Some semblance of peace between the Great Powers now exists. Of course there is rivalry between and among the major states, but that does not amount to war where one side seeks to destroy the other as was the case formerly. Russia under Vladimir Putin wants to be dominant in its geographical sphere of influence, but is not seeking world domination. The military and otherwise existential conflict today is with militant Islam, not the great nation-states of the 20th Century.

Fools, Drunkards …..

These days, some have said, we are short of heroes. That is not correct. We have in everyday life those who perform heroically. Most are unsung, but we could not continue to live in a decent, secure, and just society without them. Among politicians, it is further said that most are only looking out for their own narrow interests, which generally translates into being reelected. That might be the case for some, at sometimes. But during the past several days we have found at least one who was a genuine hero.

Actually, in less politically correct times, Senator Susan Collins might have been called a heroine. But no matter. On Friday, October 5, Collins made a speech to the United States Senate explaining why she, who all acknowledged was pivotal, would vote to confirm Brett Kavanaugh as an associate Justice of the United States Supreme Court, despite the nearly unified opposition by the opposing party and allegations that he sexually assaulted a woman 36 years ago.

Quite a few politicians, and left-wing movement groups averred that the accusation by the alleged victim made in public and under oath should be sufficient to derail Kavanaugh’s confirmation. Some reasons put forth were that the accusations alone were enough to cast a shadow over the Supreme Court, that women making those accusations have been ignored in the past, and that the allegations were made in the context not of a criminal trial, but of a “job interview” for the associate Justice position, so the presumption of innocence should not apply.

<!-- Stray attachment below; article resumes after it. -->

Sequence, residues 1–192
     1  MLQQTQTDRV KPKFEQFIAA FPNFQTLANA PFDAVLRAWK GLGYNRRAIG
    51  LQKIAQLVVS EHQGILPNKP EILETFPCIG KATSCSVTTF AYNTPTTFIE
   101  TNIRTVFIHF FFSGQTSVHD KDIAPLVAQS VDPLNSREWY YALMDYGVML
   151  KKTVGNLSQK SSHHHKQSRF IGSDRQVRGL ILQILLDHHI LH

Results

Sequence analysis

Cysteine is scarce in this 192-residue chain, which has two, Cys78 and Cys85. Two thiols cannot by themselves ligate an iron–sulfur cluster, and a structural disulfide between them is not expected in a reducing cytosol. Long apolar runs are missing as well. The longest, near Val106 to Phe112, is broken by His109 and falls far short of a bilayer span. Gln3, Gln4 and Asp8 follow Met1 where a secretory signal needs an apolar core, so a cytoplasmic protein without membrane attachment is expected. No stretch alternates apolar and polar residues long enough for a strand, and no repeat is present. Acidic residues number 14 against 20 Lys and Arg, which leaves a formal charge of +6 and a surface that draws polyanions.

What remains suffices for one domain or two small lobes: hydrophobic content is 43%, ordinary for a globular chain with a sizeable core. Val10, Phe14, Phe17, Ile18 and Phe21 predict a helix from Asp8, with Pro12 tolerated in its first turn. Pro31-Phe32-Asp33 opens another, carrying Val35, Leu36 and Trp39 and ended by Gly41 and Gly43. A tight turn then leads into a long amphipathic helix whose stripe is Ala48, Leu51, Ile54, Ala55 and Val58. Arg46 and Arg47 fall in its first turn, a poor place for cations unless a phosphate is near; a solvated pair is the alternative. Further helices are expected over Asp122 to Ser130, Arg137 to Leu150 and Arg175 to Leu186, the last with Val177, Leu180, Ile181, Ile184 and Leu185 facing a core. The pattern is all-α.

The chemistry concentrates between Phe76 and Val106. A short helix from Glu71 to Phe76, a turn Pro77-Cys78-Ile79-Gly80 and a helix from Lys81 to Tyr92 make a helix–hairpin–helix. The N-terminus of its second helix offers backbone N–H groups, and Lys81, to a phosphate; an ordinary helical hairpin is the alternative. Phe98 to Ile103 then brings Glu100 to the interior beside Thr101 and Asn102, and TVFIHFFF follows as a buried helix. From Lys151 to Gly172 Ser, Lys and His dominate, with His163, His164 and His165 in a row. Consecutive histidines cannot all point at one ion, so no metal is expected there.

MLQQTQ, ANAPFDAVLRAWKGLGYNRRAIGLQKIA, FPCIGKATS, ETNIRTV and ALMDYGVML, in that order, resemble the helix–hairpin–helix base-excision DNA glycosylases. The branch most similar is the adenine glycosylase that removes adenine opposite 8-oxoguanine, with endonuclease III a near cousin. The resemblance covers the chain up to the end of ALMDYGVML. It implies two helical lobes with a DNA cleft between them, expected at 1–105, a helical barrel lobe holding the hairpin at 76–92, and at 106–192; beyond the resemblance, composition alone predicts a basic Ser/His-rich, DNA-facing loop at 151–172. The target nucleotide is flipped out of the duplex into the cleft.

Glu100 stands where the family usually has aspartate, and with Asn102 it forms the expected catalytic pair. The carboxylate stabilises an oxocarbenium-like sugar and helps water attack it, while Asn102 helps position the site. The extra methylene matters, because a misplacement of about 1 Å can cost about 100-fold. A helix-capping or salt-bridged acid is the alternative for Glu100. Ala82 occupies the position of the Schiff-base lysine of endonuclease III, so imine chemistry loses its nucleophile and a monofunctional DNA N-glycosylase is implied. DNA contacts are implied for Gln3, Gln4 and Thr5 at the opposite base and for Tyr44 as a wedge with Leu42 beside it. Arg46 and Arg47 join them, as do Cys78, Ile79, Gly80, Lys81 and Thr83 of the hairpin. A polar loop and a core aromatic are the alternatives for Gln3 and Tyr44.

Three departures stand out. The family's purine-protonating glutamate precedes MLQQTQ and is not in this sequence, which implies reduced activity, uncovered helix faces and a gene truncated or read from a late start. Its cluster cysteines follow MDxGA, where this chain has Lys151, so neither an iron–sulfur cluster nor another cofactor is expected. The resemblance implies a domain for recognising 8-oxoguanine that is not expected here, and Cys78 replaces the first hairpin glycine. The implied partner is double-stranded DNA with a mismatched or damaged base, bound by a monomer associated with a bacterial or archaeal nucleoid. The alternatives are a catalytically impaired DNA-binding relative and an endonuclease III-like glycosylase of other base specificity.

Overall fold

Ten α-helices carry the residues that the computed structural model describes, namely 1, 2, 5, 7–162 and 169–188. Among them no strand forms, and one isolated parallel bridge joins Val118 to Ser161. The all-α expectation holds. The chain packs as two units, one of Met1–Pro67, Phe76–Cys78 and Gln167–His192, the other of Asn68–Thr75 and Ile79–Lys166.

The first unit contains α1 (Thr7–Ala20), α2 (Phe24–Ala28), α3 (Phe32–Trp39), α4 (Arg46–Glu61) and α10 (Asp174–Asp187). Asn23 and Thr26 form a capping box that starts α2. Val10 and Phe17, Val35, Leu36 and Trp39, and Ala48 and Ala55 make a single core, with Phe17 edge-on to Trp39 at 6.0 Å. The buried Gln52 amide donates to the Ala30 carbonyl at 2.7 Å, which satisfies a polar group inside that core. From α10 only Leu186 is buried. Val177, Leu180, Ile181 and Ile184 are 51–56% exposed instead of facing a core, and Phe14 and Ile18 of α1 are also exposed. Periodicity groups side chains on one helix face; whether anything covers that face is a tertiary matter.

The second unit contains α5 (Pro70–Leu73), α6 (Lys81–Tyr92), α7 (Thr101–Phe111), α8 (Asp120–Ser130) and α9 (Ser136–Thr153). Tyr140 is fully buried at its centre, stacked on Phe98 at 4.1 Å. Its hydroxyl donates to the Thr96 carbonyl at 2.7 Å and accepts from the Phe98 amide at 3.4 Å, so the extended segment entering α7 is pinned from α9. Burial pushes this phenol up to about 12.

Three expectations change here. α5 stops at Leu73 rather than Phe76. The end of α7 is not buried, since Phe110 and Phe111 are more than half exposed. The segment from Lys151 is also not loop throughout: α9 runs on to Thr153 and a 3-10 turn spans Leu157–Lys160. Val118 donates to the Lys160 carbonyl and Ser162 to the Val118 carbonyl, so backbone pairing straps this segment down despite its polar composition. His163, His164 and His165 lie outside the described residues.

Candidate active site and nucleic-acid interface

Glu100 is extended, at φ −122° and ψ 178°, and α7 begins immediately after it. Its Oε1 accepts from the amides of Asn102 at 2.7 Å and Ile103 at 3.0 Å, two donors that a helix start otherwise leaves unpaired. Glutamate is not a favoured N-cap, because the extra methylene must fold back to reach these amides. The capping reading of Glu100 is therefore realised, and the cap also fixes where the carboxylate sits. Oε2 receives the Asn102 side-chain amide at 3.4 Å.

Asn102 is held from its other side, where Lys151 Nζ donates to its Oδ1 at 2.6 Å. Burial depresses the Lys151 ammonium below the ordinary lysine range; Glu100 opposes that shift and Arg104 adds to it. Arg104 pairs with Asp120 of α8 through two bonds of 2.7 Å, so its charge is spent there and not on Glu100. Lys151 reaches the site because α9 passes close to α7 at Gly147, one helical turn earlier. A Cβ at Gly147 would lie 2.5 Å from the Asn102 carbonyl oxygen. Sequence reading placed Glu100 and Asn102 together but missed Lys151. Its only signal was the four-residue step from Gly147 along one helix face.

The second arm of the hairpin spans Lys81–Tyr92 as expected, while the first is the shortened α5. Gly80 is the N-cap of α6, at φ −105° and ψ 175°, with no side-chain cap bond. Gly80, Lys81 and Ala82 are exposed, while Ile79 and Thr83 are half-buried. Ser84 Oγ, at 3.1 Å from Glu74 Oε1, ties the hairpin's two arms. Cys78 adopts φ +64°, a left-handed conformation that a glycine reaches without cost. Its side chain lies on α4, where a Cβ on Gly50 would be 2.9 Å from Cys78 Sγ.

As to the first, perhaps sexual assault and rape are under-reported crimes. This does not mean, however, that such an accusation should be treated as presumptively true. To do so would be to put the burden on an accused to prove a negative—difficult if not impossible. The burden to prove a fact, when contested, must always be on the proponent. It also is as much a collectivist notion as racism to make one’s sex criteria for judging truth. Collectives do not at for good or bad individuals do.

True, a Senate confirmation hearing is not a criminal trial, but neither is it a mere job interview. The Senate cannot appoint a judicial officer— only the President can. It is the Senate’s job to ratify, or not, the President’s pick, giving it a presumption of being proper. That presumption can be rebutted by sufficient credible evidence that a President’s nominee is unworthy. Absence such evidence— as was the case here— the nominee should be confirmed.